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Good introductory book on mathematical proofs?

  1. Mar 2, 2013 #1


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    My 7th grader has enough mathematical background in algebra, geometry and trigonometry to start learning how to write out proofs. Are their good books that teach this step by step? I can certainly teach him myself with examples, but I figured there must be a systematic way to teach this.

    I just searched on Amazon and found a few books with good reviews, but any recommendations would be great! Given the age of the student, the book should start off at a simple level and then go from there.

  2. jcsd
  3. Mar 2, 2013 #2
    I think proof writing and reading are best learned as you learn other math, not by reading a book dedicated spesifically to proof writing. I think it might be a good idea to try Serge Lang's book "Basic Mathematics".

    Alternatively, if he/she is reasonably proficient in geometry, it might be a good idea to try reading Elements by Euclid, although it may still be too advanced, or too dry reading, as there is literally no exposition.
    Last edited by a moderator: May 6, 2017
  4. Mar 2, 2013 #3


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    OK.. thank you for that recommendation!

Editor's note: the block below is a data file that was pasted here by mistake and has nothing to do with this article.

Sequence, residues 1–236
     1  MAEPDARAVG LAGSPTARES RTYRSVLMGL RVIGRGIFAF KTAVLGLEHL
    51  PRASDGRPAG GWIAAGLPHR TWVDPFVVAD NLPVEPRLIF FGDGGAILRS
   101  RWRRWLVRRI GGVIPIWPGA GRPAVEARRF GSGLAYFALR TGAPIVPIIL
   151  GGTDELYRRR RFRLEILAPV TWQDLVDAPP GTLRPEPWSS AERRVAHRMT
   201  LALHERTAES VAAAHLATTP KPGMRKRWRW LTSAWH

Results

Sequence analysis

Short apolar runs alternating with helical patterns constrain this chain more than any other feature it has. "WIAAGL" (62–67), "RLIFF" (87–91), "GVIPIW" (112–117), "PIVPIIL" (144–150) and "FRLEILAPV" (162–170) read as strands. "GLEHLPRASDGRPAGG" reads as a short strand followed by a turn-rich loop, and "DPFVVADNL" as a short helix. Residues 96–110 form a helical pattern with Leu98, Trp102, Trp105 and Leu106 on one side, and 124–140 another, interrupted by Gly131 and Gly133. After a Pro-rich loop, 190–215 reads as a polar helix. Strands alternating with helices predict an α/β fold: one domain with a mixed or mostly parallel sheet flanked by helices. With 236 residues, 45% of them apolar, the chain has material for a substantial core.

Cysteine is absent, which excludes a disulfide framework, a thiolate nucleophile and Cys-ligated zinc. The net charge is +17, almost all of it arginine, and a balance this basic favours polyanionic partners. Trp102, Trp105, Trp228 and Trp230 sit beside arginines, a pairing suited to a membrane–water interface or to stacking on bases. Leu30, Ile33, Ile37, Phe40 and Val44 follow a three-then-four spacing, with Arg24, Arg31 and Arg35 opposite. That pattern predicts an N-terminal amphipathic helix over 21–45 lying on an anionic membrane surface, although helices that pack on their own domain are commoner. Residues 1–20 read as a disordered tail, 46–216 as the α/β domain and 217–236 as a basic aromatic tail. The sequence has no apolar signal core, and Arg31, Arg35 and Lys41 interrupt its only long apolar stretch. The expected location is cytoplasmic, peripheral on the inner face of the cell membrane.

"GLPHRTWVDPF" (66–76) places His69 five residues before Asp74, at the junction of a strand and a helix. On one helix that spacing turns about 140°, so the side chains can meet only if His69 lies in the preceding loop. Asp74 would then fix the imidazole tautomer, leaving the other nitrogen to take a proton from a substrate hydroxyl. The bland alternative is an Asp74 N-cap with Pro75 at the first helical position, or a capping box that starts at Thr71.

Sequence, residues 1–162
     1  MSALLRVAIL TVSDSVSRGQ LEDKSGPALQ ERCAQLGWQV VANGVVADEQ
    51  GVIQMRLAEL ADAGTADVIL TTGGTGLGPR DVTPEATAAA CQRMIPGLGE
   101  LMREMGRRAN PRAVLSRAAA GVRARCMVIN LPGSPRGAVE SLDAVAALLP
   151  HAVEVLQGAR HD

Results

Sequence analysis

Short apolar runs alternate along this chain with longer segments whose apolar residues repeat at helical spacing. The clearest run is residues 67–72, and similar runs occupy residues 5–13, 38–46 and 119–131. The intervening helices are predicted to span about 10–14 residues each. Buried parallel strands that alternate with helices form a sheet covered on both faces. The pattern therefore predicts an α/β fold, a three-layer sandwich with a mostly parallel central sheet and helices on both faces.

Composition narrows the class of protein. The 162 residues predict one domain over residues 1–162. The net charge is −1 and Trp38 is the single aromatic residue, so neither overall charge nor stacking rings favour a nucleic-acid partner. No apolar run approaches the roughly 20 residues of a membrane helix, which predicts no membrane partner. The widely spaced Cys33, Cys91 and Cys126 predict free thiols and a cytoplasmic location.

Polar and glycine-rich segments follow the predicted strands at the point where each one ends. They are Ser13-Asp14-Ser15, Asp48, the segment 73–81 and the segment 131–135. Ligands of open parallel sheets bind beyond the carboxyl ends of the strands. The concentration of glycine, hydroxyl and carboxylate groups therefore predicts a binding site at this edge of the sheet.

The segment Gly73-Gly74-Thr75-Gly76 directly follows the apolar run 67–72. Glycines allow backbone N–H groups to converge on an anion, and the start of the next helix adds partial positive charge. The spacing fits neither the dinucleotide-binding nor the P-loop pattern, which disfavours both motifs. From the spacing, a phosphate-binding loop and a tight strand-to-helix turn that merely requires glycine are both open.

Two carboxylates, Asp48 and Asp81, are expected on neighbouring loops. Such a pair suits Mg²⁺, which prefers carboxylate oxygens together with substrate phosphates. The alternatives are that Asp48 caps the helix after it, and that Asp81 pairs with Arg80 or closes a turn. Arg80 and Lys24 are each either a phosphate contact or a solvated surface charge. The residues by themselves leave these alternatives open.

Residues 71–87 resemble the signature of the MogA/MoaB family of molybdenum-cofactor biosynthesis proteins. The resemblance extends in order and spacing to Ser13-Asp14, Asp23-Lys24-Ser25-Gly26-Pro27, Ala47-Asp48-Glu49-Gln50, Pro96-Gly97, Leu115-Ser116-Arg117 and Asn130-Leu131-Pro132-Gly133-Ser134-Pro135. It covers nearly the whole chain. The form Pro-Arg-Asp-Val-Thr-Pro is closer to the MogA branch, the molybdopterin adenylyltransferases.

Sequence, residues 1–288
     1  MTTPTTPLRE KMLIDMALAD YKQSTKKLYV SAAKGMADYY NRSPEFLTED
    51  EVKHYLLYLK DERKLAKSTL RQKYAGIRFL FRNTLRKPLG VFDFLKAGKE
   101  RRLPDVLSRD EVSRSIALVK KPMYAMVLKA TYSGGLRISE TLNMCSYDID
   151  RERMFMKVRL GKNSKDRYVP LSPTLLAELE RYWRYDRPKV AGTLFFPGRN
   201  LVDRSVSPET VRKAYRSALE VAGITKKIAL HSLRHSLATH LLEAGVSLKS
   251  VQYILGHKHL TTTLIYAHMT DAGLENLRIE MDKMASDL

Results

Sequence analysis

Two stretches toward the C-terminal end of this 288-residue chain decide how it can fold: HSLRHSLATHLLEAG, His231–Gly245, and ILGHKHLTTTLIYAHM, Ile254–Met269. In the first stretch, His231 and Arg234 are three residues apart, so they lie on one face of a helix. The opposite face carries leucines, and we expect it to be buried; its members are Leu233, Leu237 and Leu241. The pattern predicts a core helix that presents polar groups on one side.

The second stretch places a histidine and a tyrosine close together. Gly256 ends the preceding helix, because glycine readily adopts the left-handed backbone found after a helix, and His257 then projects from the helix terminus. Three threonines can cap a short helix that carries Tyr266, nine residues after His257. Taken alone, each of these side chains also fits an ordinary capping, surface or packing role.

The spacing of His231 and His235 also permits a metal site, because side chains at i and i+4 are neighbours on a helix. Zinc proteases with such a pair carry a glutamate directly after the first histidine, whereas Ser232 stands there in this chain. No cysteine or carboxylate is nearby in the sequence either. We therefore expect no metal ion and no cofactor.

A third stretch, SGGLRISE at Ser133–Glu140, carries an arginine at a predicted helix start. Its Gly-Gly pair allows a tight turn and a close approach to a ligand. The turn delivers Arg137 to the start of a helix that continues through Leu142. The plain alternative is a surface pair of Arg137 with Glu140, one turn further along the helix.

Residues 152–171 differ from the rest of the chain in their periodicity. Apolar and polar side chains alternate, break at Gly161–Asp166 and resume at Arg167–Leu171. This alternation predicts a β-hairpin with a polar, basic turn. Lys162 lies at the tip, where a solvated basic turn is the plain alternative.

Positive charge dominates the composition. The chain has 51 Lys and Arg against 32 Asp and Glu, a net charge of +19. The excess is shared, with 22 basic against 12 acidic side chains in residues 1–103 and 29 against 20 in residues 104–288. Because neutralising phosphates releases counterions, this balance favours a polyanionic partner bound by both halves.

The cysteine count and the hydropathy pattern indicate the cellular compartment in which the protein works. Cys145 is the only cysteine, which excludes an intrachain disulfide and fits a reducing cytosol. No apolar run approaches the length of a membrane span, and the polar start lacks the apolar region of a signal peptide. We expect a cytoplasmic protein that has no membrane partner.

5. Mar 7, 2013 #4
    I agree. While there are some decent proof-writing books, it is better to learn by applying it to something interesting.

    Some basic Discrete math textbooks contain a good introduction to writing proofs. I liked this one (and it essentially contains a partial solution manual):
    Ignore the reviews on Amazon.

    Don't get the expensive new edition, though. Get a used older edition or an international edition:


    Last edited by a moderator: May 6, 2017
  6. Mar 7, 2013 #5


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    That one is a little dated, don't you think? I haven't read it, but I'm sure someone has figured out a better way to do these things in the 2300 years since it was written.
  7. Mar 7, 2013 #6
    I think the only outdated aspect of the early editions is the language, and a lack of rigor in some places, but there exist modern translations with expository notes, see for example http://farside.ph.utexas.edu/euclid.html [Broken].
    The mathematics, however, is not outdated. In fact, the book was used as the primary geometry reference book long into the 1600's, and the constructive (non-trig based) geometry that is taught in high school today is usually a dumbed down version of Euclid.

    EDIT: In books 9 and 11, Euclid uses an early form of integration called the "method of exhaustion". I think you can safely say that these books are pretty outdated.
    Last edited by a moderator: May 6, 2017
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